# Angular resolution (graph drawing)

This drawing of a hypercube graph has angular resolution π/4.

In graph drawing, the angular resolution of a drawing of a graph refers to the sharpest angle formed by any two edges that meet at a common vertex of the drawing.

## Properties

### Relation to vertex degree

Formann et al. (1993) observed that every straight-line drawing of a graph with maximum degree d has angular resolution at most 2π/d: if v is a vertex of degree d, then the edges incident to v partition the space around v into d wedges with total angle , and the smallest of these wedges must have an angle of at most 2π/d. More strongly, if a graph is d-regular, it must have angular resolution less than ${\displaystyle {\frac {\pi }{d-1}}}$ , because this is the best resolution that can be achieved for a vertex on the convex hull of the drawing.

### Relation to graph coloring

As Formann et al. (1993) showed, the largest possible angular resolution of a graph G is closely related to the chromatic number of the square G2, the graph on the same vertex set in which pairs of vertices are connected by an edge whenever their distance in G is at most two. If G2 can be colored with χ colors, then G may be drawn with angular resolution π/χ − ε, for any ε > 0, by assigning distinct colors to the vertices of a regular χ-gon and placing each vertex of G close to the polygon vertex with the same color. Using this construction, they showed that every graph with maximum degree d has a drawing with angular resolution proportional to 1/d2. This bound is close to tight: they used the probabilistic method to prove the existence of graphs with maximum degree d whose drawings all have angular resolution ${\displaystyle O\left({\frac {\log d}{d^{2}}}\right)}$ .

### Existence of optimal drawings

Formann et al. (1993) provided an example showing that there exist graphs that do not have a drawing achieving the maximum possible angular resolution; instead, these graphs have a family of drawings whose angular resolutions tend towards some limiting value without reaching it. Specifically, they exhibited an 11-vertex graph that has drawings of angular resolution π/3 − ε for any ε > 0, but that does not have a drawing of angular resolution exactly π/3.

## Special classes of graphs

### Trees

Every tree may be drawn in such a way that the edges are equally spaced around each vertex, a property known as perfect angular resolution. Moreover, if the edges may be freely permuted around each vertex, then such a drawing is possible, without crossings, with all edges unit length or higher, and with the entire drawing fitting within a bounding box of polynomial area. However, if the cyclic ordering of the edges around each vertex is already determined as part of the input to the problem, then achieving perfect angular resolution with no crossings may sometimes require exponential area.[1]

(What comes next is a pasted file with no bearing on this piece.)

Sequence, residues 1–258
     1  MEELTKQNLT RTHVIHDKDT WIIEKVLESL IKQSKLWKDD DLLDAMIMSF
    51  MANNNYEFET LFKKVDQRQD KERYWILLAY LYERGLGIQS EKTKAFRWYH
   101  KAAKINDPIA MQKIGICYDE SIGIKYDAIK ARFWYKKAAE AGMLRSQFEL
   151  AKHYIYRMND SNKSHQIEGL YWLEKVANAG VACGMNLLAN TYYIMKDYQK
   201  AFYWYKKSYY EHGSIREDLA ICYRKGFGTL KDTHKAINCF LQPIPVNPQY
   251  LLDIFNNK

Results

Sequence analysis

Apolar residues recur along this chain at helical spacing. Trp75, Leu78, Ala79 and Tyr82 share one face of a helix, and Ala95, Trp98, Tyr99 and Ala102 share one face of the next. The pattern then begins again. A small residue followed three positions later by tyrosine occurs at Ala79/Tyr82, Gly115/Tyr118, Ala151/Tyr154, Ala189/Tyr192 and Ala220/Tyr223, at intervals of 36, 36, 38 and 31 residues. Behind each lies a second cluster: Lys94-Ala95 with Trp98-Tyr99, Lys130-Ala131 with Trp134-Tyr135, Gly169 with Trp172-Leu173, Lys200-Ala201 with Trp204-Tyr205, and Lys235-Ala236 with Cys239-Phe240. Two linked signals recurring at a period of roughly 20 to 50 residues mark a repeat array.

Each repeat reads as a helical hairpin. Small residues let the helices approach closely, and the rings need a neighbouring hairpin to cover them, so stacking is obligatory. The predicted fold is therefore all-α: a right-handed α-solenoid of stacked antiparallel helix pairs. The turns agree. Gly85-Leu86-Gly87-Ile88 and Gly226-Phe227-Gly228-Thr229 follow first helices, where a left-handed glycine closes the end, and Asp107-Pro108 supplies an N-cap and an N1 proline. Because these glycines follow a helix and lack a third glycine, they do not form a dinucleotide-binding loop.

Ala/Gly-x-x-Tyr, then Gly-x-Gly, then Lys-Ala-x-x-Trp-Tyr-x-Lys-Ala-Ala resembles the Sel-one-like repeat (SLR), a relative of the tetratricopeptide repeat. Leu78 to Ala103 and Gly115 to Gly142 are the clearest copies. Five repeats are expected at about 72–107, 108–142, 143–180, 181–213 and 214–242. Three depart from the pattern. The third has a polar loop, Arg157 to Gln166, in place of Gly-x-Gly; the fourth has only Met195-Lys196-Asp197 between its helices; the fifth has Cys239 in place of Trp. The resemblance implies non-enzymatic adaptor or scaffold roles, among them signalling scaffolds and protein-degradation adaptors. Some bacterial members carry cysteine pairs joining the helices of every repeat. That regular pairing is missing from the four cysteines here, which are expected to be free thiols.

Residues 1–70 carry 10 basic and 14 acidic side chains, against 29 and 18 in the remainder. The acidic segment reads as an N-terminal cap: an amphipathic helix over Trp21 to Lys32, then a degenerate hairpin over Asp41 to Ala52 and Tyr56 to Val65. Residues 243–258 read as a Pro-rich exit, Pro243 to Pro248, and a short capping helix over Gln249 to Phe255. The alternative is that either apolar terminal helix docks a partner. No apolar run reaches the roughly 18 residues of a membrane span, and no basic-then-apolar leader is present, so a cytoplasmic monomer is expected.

### Outerplanar graphs

Perfect angular resolution is not always possible for outerplanar graphs, because vertices on the convex hull of the drawing with degree greater than one cannot have their incident edges equally spaced around them. Nonetheless, every outerplanar graph of maximum degree d has an outerplanar drawing with angular resolution proportional to 1/d.[2]

### Planar graphs

For planar graphs with maximum degree d, the square-coloring technique of Formann et al. (1993) provides a drawing with angular resolution proportional to 1/d, because the square of a planar graph must have chromatic number proportional to d. More precisely, Wegner conjectured in 1977 that the chromatic number of the square of a planar graph is at most ${\displaystyle \max \left(d+5,{\frac {3d}{2}}+1\right)}$ , and it is known that the chromatic number is at most ${\displaystyle {\frac {5d}{3}}+O(1)}$ .[3] However, the drawings resulting from this technique are generally not planar.

For some planar graphs, the optimal angular resolution of a planar straight-line drawing is O(1/d3), where d is the degree of the graph.[4] Additionally, such a drawing may be forced to use very long edges, longer by an exponential factor than the shortest edges in the drawing. Malitz & Papakostas (1994) used the circle packing theorem to show that every planar graph with maximum degree d has a planar drawing whose angular resolution is at worst an exponential function of d, independent of the number of vertices in the graph.

## Computational complexity

It is NP-hard to determine whether a given graph of maximum degree d has a drawing with angular resolution 2π/d, even in the special case that d = 4.[5] However, for certain restricted classes of drawings, including drawings of trees in which extending the leaves to infinity produces a convex subdivision of the plane as well as drawings of planar graphs in which each bounded face is a centrally-symmetric polygon, a drawing of optimal angular resolution may be found in polynomial time.[6]

## History

Angular resolution was first defined by Formann et al. (1993).

Although originally defined only for straight-line drawings of graphs, later authors have also investigated the angular resolution of drawings in which the edges are polygonal chains,[7] circular arcs,[8] or spline curves.[9]

The angular resolution of a graph is closely related to its crossing resolution, the angle formed by crossings in a drawing of the graph. In particular, RAC drawing seeks to ensure that these angles are all right angles, the largest crossing angle possible.[10]